principal components analysis and !ill not be discussed further here. F is based on correlations% so continuous data is% technically spea$ing% needed. Ho!ever% this re'uirement is often rela&ed so that ordered data% particularly 3*point 4i$ert*scales can be used "see Hutcheson and Sofroniou% 0555% for a full discussion of this issue#. (ndeed% in management research% the use of factor analytic techni'ues is used predominantly on ordered responses collected from 'uestionnaire research. The components that represent the correlational structure in the data may be difficult to interpret meaningfully% as individual components are often associated !ith a number of variables. (t is common that an individual component !ill load highly on many of the variables in the data set !hich ma$es it difficult to identify the underlying structure. For e&ample% Table 0 sho!s t!o components that have been derived from an analysis of educational data "see Hutcheson and Sofroniou% 0555#. The table sho!s a list of 6 variables "the recorded data# and t!o components that have been derived using principal components analysis. The strength of the relationship bet!een the variables and components is sho!n in the factor loading scores. From the table it can be seen that component 0 is more highly related to all of the variables than component 2% ma$ing it difficult to identify any meaningful distinction bet!een the components. Table 0: T!o components derived from 07 correlated variables
Component 1 Variables rticulation <omprehension <oordination Dra!ing Memory Motor S$ill Sentence <ompletion =riting 7.890 7.;88 7.629 7.603 7.;85 7.8;: 7.;90 7.;58 7.:;5 7.23: *7.:50 *7.:69 7.066 *7.9:0 7.059 *7.:55 Component 2

(t is useful to illustrate the relationships sho!n in Table 0 in a graphic. Figure 0 sho!s the component loadings and clearly sho!s the variables clustering into t!o groups "identified here as physical dexterity and linguistic competence#. This is 'uite obvious in this graphic% but is not obvious from the information in the table.

Figure 0:

graphical representation of the relationship bet!een components and variables

The t!o groups of variables can be identified by redistributing the component loadings so that individual components load highly on relatively fe! variables. This can be considered as a process of rotating the a&es of the graphic in Figure 0% so that the a&es are dra!n closer to the clusters. This process is called rotation and is illustrated in Figure 2. >oth of the a&es of the graph in Figure 0 can be rotated so that they remain at 57 degrees to each other "orthogonal# or they can be rotated independently "obli'ue#. ?rthogonal rotation represents factors that are uncorrelated% !hereas obli'ue rotation represents factors that are correlated. There are a number of popular methods for identifying the rotations used including ones that minimi@e the number of variables !hich load highly on factors in order to enhance the interpretability of the factors% to methods that minimi@e the number of factors in order to provide simpler interpretations "refer to Aim and Mueller% 0559% >ro!ne "2770# and >ernaards and Bennrich "2778#% for discussions of rotation techni'ues#. lthough there are many rotation techni'ues available% in practice% the different techni'ues tend to produce similar results !hen there is a large sample and the factors are relatively !ell defined "Fava and Celicer% 0552#. pplying rotations often results in a clearer differentiation bet!een the components and enables the factors to be identified from the factor loadings. Table 2 sho!s the loadings for the e&ample above before rotation and after an orthogonal and an obli'ue rotation !ere computed.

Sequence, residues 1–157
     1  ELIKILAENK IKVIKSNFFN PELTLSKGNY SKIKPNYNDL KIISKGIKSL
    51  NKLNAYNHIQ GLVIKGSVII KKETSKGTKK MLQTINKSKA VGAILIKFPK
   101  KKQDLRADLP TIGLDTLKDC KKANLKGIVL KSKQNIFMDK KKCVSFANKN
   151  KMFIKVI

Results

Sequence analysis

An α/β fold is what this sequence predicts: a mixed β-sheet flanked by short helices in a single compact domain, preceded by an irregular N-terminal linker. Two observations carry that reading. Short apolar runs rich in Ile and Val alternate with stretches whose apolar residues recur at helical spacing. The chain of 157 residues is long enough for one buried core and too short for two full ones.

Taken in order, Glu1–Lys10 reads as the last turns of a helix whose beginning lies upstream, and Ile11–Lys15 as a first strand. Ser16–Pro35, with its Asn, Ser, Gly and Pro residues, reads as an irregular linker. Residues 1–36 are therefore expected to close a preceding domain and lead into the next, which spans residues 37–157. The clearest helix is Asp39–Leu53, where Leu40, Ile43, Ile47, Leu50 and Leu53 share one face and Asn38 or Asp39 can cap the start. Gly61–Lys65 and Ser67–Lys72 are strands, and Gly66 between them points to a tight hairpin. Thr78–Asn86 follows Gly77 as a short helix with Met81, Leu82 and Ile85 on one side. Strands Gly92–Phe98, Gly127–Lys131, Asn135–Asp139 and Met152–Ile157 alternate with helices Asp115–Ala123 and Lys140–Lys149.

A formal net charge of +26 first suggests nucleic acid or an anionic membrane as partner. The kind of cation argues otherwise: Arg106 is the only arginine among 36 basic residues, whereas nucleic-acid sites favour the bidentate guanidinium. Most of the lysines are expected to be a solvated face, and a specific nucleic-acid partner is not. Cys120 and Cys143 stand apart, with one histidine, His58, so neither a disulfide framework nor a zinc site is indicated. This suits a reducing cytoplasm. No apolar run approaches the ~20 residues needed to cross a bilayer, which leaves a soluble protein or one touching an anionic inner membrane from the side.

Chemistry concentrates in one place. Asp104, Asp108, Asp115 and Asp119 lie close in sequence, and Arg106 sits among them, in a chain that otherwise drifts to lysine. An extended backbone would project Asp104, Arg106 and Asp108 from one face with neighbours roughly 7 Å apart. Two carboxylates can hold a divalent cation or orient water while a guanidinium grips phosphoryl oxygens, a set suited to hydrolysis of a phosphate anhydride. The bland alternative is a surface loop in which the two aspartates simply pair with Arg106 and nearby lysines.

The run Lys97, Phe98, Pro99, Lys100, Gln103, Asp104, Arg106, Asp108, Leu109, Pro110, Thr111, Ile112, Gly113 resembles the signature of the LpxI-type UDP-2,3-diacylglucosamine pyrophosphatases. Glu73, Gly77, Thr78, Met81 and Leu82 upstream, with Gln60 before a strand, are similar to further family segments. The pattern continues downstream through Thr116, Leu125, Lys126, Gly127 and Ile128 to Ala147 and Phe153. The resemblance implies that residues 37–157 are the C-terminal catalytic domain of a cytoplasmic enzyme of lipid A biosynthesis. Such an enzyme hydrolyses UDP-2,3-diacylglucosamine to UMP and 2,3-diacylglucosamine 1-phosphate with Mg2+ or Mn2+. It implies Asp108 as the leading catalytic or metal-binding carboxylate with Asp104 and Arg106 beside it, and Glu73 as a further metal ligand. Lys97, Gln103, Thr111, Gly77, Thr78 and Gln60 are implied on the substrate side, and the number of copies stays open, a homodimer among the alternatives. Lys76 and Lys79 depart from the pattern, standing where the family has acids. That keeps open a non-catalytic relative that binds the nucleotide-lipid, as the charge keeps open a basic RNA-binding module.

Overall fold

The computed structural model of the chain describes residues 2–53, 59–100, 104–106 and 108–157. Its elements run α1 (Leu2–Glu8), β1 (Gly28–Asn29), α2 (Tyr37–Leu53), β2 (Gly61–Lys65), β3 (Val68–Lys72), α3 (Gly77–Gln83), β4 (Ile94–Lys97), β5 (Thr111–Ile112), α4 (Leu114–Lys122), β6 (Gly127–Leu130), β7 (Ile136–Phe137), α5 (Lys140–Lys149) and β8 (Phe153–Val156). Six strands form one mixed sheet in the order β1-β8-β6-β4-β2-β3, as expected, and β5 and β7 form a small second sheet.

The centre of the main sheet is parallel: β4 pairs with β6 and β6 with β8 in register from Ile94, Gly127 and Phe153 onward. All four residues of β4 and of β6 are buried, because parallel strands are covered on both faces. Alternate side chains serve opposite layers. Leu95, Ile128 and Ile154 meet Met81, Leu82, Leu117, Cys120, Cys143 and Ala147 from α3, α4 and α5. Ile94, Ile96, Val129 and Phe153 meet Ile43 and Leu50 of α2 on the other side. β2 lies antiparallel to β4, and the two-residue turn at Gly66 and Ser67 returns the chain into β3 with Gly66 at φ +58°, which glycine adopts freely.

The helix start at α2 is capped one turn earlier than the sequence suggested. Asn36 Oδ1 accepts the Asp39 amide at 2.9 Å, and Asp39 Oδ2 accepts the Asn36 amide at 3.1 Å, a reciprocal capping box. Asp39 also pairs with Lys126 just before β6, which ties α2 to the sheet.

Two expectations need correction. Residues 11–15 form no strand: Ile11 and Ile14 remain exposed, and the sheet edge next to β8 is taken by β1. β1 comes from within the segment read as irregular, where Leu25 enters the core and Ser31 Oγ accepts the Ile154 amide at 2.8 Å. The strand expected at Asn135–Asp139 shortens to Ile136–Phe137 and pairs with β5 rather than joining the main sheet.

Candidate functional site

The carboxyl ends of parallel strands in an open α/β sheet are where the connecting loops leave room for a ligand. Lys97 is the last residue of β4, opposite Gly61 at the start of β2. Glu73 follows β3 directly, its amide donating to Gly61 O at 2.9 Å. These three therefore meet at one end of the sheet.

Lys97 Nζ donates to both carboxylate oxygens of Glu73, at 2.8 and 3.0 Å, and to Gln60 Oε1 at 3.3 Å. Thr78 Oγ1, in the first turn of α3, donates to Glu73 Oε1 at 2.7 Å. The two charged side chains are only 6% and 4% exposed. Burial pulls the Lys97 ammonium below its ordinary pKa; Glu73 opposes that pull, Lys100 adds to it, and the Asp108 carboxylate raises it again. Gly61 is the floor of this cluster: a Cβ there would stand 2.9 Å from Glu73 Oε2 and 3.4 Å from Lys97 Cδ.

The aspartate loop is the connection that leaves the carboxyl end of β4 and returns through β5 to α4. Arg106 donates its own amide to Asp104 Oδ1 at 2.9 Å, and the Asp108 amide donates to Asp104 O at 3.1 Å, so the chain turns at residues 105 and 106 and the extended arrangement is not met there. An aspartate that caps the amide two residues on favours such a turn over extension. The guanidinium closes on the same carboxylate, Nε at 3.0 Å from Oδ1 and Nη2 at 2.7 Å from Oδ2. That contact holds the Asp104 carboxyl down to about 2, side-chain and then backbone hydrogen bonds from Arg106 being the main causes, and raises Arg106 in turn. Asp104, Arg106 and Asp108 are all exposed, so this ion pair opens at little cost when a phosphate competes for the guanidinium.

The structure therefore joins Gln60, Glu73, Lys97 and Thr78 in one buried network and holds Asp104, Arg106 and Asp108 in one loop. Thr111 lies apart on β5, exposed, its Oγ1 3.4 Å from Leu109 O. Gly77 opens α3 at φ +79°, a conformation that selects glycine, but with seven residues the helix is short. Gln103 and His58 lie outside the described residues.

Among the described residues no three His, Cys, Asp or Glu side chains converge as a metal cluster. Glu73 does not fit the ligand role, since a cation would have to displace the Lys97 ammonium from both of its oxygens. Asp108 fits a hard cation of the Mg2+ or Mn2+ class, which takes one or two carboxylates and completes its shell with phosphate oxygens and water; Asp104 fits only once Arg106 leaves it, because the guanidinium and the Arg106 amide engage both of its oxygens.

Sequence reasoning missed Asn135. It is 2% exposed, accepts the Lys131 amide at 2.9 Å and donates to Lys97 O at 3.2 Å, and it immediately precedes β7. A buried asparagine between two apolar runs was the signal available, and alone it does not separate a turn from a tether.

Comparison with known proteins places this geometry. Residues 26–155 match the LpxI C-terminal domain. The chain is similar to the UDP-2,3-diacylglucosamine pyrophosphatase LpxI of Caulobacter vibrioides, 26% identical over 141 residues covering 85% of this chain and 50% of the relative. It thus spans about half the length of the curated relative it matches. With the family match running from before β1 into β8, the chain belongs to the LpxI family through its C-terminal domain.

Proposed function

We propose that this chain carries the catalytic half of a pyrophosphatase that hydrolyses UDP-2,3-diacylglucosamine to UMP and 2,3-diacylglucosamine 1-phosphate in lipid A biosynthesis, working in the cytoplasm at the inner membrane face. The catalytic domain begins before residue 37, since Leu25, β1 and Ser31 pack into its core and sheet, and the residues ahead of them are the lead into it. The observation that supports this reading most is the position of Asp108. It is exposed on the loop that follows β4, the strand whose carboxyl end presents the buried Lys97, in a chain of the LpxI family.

Figure 2:

graphical representation of orthogonal and obli'ue rotation methods

Table 2: Factor loadings for unrotated components and rotated factors


Variables rticulation <omprehension Memory Sentence <ompletion <oordination Dra!ing Motor S$ill =riting Unrotated components
7.890 7.;88 7.;85 7.;90 7.629 7.603 7.8;: 7.;58 7.:;5 7.23: 7.066 7.059 *7.:50 *7.:69 *7.9:0 *7.:55

Ortho onal factors


7.69: 7.628 7.;;5 7.887 7.235 7.280 7.0;5 7.2;: 7.765 7.2;9 7.:2; 7.:26 7.633 7.69: 7.;;8 7.6:9

Obli!ue factors
7.5:8 7.63; 7.;65 7.8:0 7.706 7.723 *7.7:2 7.795 7.039 *7.782 *7.0:6 *7.036 *7.657 *7.6;8 *7.6:8 *7.685

Table 2 clearly sho!s the orthogonal and obli'ue rotation methods have identified the underlying physical de&terity and linguistic competence factors. The process of rotation has identified the clusters in the loading matri& and enabled the underlying structure in the data to be identified. (t

should be noted that !hilst the structure in these data may be 'uite obvious "particularly as restricting the analysis to t!o factors enabled simple graphics to be used#% identifying the underlying structure !hen there are greater numbers of components and factors can be difficult% ma$ing the use of factor analysis essential for comple& data structures.

Conclusion
Factor analysis is a very common techni'ue in management research and is used e&tensively in the analysis of 'uestionnaire data. (t is particularly useful in identifying the underlying structure in data sets and can contribute theoretical insights into the research area. Factor analysis can also reduce the number of variables needed to represent relationships "it is commonly referred to as a data* reduction techni'ue# and thereby provide benefits !hen the data are used for model*building "for e&ample% generalised linear models#.

Further "eadin
>ernaards% <. . and Bennrich% +. (. "2778#. Dradient ProEection lgorithms and Soft!are for rbitrary +otation <riteria in Factor nalysis. Educational and Psychological easurement! #$%$&:8;8*858. >ro!ne% M.=. "2770#. n ?vervie! of nalytic +otation in /&ploratory Factor nalysis. ultivariate "ehavioral #esearch. '#%1&:000*037. Fava% B. 4. and Celicer% =. F. "0552#. n empirical comparison of factor% image% component% and scale scores. ultivariate "ehavioral #esearch% 2(::70*:22. Hutcheson% D. D.% and Sofroniou% F. "0555#. The Multivariate Social Scientist: an introduction to generali@ed linear models. Sage Publications. Aim% B. and Mueller% <. =. "0559#. Factor Analysis: $tatistical ethods and Practical %ssues. (n M. S. 4e!is*>ec$ "editor#. Factor nalysis and +elated Techni'ues. (nternational Handboo$s of Quantitative pplications in the Social Sciences% Colume 3. Sage Publications.
Draeme Hutcheson Manchester Gniversity Fic$ Sofroniou S( +esearch% thens